You know DFS does NOT approve of this disclaimer May 22, 2019

Hereford Ins. Co. v Forest Hills Med., P.C., 2019 NY Slip Op 03926 (1st Dept. 2019)

” Moreover, movant defendants failed to demonstrate a meritorious defense. The failure by the occupants of the vehicle to subscribe and return the transcripts of their examinations under oath violated a condition precedent to coverage and warranted denial of the claims (see Hertz Vehs., LLC v Gejo, LLC, 161 AD3d 549[1st Dept 2018]). “

I really find this basis to disclaim coverage disingenuous. The EIP came to the EUO, told his or her story, lied or did not lie. We go from there. I cannot fathom how the failure to return an EUO transcript – which is a sworn to document and which may be used against the deponent or the assignee as a matter of course – warrants the loss of no-fault benefits.

I am quite sure that DFS did not put the “and subscribe the same” (11 NYCRR 65-1.1[b]) language in the regulations to authorize the voiding of coverage due to the failure to sign the transcript. I also suspect this case will spur either an emergency amendment from DFS or an opinion letter. Thankfully, this appeared in the context of a motion to vacate a default, which means the Court of Appeals will not touch this matter, i.e., the failure to establish a reasonable excuse is reviewed under an abuse of discretion standard that will not be upset on appeal.

I think this basis for a disclaimer is the colloquial playing with fire.

Surgery peer review is not enough on its face May 22, 2019

Allstate Ins. Co. v Buffalo Neurosurgery Group, 2019 NY Slip Op 03749 (2d Dept. 2019)

” This action pursuant to Insurance Law § 5106(c) arises from a motor vehicle accident that occurred on February 6, 2013. Christopher Krull allegedly was injured in the accident, and he underwent spinal fusion surgery performed by P. Jeffrey Lewis of the defendant, Buffalo Neurosurgery Group”

“Here, we agree with the Supreme Court’s denial of that branch of the plaintiff’s motion which was for summary judgment on so much of the complaint as, in effect, sought a determination that it was not obligated to pay the defendant no-fault benefits relating to Krull’s surgery, since the surgery was not medically necessary. The peer review reports submitted in support of that branch of the motion failed to demonstrate, prima facie, that the surgery performed on Krull was not medically necessary “

Those surgery peer reviews, unsurprisingly, are insufficient to establish a prima facie entitlement to summary judgment.

Loss of Earnings May 20, 2019

Moshe v Country-Wide Ins. Co., 2019 NY Slip Op 29138 (Dis. Ct. Nassau Co. 2019)

Introductory thoughts

I love this case. It makes little sense for many reasons. But what is perplexing is how much of the income of Moshe is active? He missed a day of work – what business opportunities were missed? What passive income was lost due to his not being at work? I really do not know how the heck you prove any of that without expert testimony (see below)

But in the prior motion sequence, the judge prevented Defendant from obtaining a deposition. As can be seen in this decision, a deposition is absolutely necessary to figure out how you get to the $12,000 figure. I would have appealed that decision and stayed the trial.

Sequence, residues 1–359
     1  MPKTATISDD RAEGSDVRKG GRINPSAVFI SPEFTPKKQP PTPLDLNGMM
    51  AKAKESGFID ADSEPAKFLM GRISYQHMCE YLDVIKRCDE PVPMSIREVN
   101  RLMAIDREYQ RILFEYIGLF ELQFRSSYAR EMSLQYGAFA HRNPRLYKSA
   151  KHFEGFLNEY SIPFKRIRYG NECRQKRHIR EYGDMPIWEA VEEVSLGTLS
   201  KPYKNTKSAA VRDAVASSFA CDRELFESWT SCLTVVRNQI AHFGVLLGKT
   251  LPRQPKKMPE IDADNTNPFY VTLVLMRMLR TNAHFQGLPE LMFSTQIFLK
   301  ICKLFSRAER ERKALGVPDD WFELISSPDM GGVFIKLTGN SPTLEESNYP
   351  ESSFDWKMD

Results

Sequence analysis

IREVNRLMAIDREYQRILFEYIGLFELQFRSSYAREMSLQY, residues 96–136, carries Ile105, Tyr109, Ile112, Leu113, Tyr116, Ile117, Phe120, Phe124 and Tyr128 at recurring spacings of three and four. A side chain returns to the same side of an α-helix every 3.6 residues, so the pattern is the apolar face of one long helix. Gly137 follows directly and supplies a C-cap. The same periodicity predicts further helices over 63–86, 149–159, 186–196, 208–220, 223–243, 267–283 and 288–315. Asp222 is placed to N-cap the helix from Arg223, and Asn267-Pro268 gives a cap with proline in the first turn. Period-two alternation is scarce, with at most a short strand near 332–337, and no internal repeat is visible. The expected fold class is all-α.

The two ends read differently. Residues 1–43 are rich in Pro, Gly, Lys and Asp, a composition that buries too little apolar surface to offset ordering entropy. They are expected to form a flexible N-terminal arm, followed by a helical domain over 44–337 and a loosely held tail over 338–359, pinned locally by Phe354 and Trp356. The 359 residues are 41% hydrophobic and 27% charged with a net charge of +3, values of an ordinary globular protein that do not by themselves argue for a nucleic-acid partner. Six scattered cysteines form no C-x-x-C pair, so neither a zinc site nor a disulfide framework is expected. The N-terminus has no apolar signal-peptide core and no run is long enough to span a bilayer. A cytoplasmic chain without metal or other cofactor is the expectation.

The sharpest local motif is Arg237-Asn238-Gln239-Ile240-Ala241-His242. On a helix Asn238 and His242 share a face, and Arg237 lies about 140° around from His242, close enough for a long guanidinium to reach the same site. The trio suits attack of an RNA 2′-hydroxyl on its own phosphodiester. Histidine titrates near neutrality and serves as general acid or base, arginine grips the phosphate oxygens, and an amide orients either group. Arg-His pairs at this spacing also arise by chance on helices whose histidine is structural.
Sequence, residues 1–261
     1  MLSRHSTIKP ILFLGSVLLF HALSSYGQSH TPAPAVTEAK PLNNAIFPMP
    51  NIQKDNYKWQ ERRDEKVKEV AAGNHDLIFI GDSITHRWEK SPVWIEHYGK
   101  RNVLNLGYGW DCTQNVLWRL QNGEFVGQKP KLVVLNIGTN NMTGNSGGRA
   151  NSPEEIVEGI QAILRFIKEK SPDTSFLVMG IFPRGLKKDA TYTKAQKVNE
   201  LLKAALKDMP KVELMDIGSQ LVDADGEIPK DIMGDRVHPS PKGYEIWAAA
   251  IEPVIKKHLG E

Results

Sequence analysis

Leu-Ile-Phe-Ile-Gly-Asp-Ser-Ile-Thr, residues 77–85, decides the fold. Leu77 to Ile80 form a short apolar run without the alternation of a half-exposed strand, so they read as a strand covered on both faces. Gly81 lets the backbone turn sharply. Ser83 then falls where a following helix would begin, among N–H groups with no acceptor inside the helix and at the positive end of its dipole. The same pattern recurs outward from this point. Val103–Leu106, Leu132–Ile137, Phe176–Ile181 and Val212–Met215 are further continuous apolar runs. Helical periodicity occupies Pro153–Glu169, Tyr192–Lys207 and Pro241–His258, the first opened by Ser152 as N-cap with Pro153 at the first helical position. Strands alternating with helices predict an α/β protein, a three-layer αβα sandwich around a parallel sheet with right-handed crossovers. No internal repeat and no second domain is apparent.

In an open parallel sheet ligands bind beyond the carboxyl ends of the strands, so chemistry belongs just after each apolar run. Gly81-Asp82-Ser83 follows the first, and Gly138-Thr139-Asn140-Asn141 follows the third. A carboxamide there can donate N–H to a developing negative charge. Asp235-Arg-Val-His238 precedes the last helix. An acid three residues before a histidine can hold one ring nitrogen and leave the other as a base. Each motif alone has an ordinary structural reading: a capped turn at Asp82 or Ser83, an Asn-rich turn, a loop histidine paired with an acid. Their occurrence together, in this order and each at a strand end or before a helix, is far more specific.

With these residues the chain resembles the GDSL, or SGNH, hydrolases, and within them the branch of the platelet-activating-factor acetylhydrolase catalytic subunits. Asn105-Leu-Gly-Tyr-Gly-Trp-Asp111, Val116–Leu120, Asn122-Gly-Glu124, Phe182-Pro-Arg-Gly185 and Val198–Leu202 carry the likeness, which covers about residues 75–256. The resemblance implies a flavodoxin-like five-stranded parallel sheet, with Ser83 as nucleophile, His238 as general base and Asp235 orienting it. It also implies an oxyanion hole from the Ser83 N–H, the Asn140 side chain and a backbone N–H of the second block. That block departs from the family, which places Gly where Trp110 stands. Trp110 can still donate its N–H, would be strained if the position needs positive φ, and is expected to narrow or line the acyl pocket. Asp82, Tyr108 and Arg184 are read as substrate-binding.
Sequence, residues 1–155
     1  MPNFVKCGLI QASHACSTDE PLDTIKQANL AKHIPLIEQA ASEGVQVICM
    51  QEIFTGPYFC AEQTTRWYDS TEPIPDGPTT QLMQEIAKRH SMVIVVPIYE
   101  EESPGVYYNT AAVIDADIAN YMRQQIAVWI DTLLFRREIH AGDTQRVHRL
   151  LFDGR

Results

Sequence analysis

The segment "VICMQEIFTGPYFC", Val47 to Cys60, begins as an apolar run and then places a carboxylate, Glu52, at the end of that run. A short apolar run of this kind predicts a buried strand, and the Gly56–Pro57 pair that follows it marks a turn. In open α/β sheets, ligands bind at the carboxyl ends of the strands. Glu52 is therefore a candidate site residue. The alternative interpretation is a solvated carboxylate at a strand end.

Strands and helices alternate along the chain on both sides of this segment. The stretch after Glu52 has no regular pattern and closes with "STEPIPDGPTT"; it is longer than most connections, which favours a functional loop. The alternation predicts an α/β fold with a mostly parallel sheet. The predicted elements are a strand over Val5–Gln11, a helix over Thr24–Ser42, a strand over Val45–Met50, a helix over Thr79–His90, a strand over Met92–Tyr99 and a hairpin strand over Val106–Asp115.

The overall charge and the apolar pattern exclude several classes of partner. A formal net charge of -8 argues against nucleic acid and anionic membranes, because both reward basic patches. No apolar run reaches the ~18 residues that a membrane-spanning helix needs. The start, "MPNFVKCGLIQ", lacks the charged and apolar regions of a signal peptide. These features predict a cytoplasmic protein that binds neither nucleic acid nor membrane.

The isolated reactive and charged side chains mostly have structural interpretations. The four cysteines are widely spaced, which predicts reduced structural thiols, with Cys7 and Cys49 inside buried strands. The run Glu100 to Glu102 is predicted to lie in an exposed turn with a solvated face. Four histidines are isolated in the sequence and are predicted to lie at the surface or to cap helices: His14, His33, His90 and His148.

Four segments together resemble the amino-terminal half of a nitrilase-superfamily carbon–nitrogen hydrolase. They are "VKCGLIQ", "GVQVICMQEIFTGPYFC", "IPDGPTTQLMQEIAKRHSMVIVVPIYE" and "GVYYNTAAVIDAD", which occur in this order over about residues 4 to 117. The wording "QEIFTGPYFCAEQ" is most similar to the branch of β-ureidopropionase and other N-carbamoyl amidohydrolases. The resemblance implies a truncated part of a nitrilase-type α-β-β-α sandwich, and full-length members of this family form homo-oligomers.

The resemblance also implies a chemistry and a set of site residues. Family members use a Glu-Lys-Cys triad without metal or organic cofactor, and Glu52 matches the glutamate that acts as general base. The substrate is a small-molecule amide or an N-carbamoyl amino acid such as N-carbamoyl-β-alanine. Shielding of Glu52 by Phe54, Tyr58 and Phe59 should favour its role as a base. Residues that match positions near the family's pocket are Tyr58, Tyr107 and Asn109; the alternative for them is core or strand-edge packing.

Because when you read this decision, how is Countiwide going to really defend this case except to argue that Plaintiff cannot prove its case? The EUO in the underlying case had to do with the facility, not how its owner gets paid per diem. So this case, to me, is a mess. Plaintiff’s theory of recovery is amorphous, C-wide failed to get an absolutely necessary deposition to figure out how it will defend this case and the trial will be unwieldy.

The relevant allegations

“Plaintiffs bring this plenary action to recover the sum of $10,906.14, said sum being the balance of monies claimed due as loss of earning for Moshe’s appearance at a November 10, 2015 examination under oath (EUO or deposition) taken in the context of a first-party no-fault insurance claim(s) submitted by Excel Surgery Center, LLC (Excel) of which Moshe is the owner.

There is no dispute that pursuant to the relevant provisions governing EUO’s involving first-party no-fault insurance claim(s) the deponent is entitled to ‘loss of earning’ caused by attendance at the EUO (22 NYCRR 65-3.5[e]).

As alleged in plaintiffs’ complaint, on or about November 6, 2015 — prior to the November 10, 2015 EUO — counsel for Excel advised counsel for Country-Wide Insurance Company (Country-Wide) that Moshe claimed a loss of earnings of $12,186.14 (Complaint at ¶ 24). In support thereof, and as previously requested by Country-Wide’s counsel (Complaint at ¶ 22), Excel’s counsel provided a redacted copy of Moshe’s 2014 joint Federal tax return which showed $320,000 in ‘Wages, salaries tips, etc.’ and an additional $2,604,942 in ‘Rental real estate, royalties, partnerships, S corporations, trusts, etc.’ (Complaint at ¶ 24; defendant’s exhibit D [tax return].) Despite demand for confirmation that full payment would be made at the conclusion of the deposition (Complaint at ¶ 24), Country-Wide neither committed to payment nor rejected same (Complaint at ¶ 26). Instead, following the EUO, on or about March 10, 2016 Country-Wide remitted $1,280.00 as its calculation of Moshe’s loss of earnings (Complaint at ¶ 36).